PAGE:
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Žižek battles the Green Goblin, narrated by David Attenborough

Feel as if you've watched everything on Netflix? You might find something new at Summary Bug, where a text-display glitch generates whimsical cinematic possibilities.
posted by oulipian on May 18, 2014 - 16 comments

Katastichophobia

For your October delight: Top 10 horror movies, as picked by Guardian critics, Ten Exceptionally Well-Written Horror Films, Top Ten Horror-Sci-Fi Films: A Primer And Pseudo-History, The 12 Weirdest Vampire Movies Ever Made, The Top Grossing Scary Movies Of All-Time, and, perhaps most importantly of all: The 25 best horror films on netflix instant.
posted by Artw on Oct 14, 2013 - 239 comments

The New Canon

Media Studies professor Anne Helen Petersen writes about the dominant role of Netflix in her students’ film and television consumption, and its effect on the lasting influence of works that are — or are not — available there:
Through this reliance on Netflix, I’ve seen a new television pantheon begin to take form: there’s what’s streaming on Netflix, and then there’s everything else…
[more inside]
posted by mbrubeck on Oct 7, 2013 - 173 comments

Just give it to them, and collapsing mediums

Kevin Spacey urges TV channels to give control to viewers (SLYT)
posted by whyareyouatriangle on Aug 24, 2013 - 37 comments

“A film should be like a stone in your shoe.”

The Convenience Trap: What the changes at Netflix reveal about an insidious trend.
posted by hermitosis on Aug 5, 2011 - 121 comments

The Professor is Dead. Long Live Netflix!

The Professor is Dead. Long Live Netflix! As Netflix rebrands itself as a cable TV alternative rather than a by-mail video rental service, it's killing off its user community and anonymizing reviews. Top reviewer The Professor is philosophical about the change (see main link), others less so.
posted by Scram on Jun 28, 2011 - 106 comments

"The brutal reality is Netflix’s bargain days for streaming movies and television is coming to an end."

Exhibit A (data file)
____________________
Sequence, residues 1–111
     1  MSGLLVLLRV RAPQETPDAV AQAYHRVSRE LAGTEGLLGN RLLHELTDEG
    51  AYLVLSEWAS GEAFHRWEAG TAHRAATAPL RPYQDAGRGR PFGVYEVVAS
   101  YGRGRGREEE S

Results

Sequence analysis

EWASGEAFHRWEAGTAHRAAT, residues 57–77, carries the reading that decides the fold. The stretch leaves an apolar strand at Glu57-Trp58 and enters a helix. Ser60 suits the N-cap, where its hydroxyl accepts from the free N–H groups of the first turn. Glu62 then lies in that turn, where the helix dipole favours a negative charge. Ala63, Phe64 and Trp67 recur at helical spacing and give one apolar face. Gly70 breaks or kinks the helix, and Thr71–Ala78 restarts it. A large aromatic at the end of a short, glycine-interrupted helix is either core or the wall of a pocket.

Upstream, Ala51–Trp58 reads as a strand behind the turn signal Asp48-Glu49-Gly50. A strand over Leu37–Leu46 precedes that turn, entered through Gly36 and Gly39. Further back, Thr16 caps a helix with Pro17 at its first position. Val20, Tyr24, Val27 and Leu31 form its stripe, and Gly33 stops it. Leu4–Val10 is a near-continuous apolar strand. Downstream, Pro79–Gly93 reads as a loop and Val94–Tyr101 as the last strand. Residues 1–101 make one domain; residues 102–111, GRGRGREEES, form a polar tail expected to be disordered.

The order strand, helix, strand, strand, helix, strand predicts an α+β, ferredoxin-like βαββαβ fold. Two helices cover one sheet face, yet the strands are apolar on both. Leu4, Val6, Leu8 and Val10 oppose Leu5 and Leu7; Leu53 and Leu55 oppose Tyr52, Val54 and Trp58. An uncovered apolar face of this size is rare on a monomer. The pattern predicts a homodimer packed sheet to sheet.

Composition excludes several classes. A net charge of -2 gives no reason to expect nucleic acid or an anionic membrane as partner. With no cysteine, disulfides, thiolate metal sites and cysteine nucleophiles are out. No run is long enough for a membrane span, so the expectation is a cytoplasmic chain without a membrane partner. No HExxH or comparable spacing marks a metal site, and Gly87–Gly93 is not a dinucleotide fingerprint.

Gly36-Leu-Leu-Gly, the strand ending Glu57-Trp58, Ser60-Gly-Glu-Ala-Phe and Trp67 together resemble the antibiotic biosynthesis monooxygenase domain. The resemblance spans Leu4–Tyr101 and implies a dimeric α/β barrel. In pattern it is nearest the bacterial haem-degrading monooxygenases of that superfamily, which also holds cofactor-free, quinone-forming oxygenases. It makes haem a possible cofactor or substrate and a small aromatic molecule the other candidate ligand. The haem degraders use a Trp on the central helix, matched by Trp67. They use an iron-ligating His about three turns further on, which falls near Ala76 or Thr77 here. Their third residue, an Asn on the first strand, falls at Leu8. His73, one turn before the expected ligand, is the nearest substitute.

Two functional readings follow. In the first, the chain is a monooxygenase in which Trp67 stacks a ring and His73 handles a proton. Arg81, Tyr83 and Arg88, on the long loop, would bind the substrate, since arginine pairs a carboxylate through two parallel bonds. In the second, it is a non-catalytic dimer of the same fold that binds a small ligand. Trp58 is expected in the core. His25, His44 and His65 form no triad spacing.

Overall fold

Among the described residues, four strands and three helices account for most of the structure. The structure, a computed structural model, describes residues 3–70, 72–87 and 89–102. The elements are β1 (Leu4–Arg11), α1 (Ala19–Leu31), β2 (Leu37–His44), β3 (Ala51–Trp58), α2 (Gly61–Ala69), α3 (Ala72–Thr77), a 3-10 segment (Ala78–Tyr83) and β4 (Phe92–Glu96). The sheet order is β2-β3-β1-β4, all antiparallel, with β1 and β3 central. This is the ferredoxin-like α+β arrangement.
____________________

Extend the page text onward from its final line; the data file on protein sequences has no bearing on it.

Is Netflix Streaming Its Way Towards Disaster? In the wake of last month's price hike, Edward Epstein (author of The Big Picture and The Hollywood Economist) explores a few issues with Netflix's turn toward streaming video. The licensing deals Netflix cobbled together before studios fully grokked the value of streaming are expiring in the next year or two, outlets like Amazon and HBO are starting their own streaming services, and the right of first sale, which allows Netflix to buy DVDs and then rent them over and over, doesn't apply to streamed content. Via this post from Slashfilm, which adds more links and info. [more inside]
posted by mediareport on Dec 9, 2010 - 126 comments

The Netflix Rolling Roadshow

The Netflix Rolling Roadshow, "Imagine watching 'Jaws' from a raft in the ocean just off the Martha's Vineyard beach where it was filmed . . . or watching 'Escape from Alcatraz' in the cell block where Frank Morris, played by Clint Eastwood, was locked up...This August, the Netflix Rolling Roadshow celebrates classic American movies by screening them at the locations they made famous. Each screening is an interactive special event (think scavenger hunts, road rallies, a high school prom, even spending the night on Alcatraz Island). Some screenings will also include cast reunions and question-and-answer sessions with the filmmakers." My favorite: Stanley Kubrick's "The Shining" at the Stanley Hotel in Estes Park, Colorado. That is going to be a surreal experience.
posted by JPowers on Jun 8, 2006 - 38 comments

Ebert is now fat AND obsolete.

What to Rent Computers now recommending movie rentals to people.
posted by AVandalay on Feb 8, 2004 - 25 comments

Netflix

Netflix may be driving me crazy with popup ads but I love their service. Where else can you rent L'Avventura, The Seventh Seal, Run Lola Run and Rashomon?

It encourages me to explore more movies, which has led me to several "greatest movies ever" lists. I'm thoroughly hooked and my film snob rating is slowly rising. Is this a good thing? I can't even stand to watch drivel like Signs anymore, and my family is tired of subtitles and refuses to watch No Man's Land with me. Anyone else in this predicament? By the way... has anyone seen a good book about the greatest directors?
posted by kevin123 on Sep 6, 2002 - 57 comments

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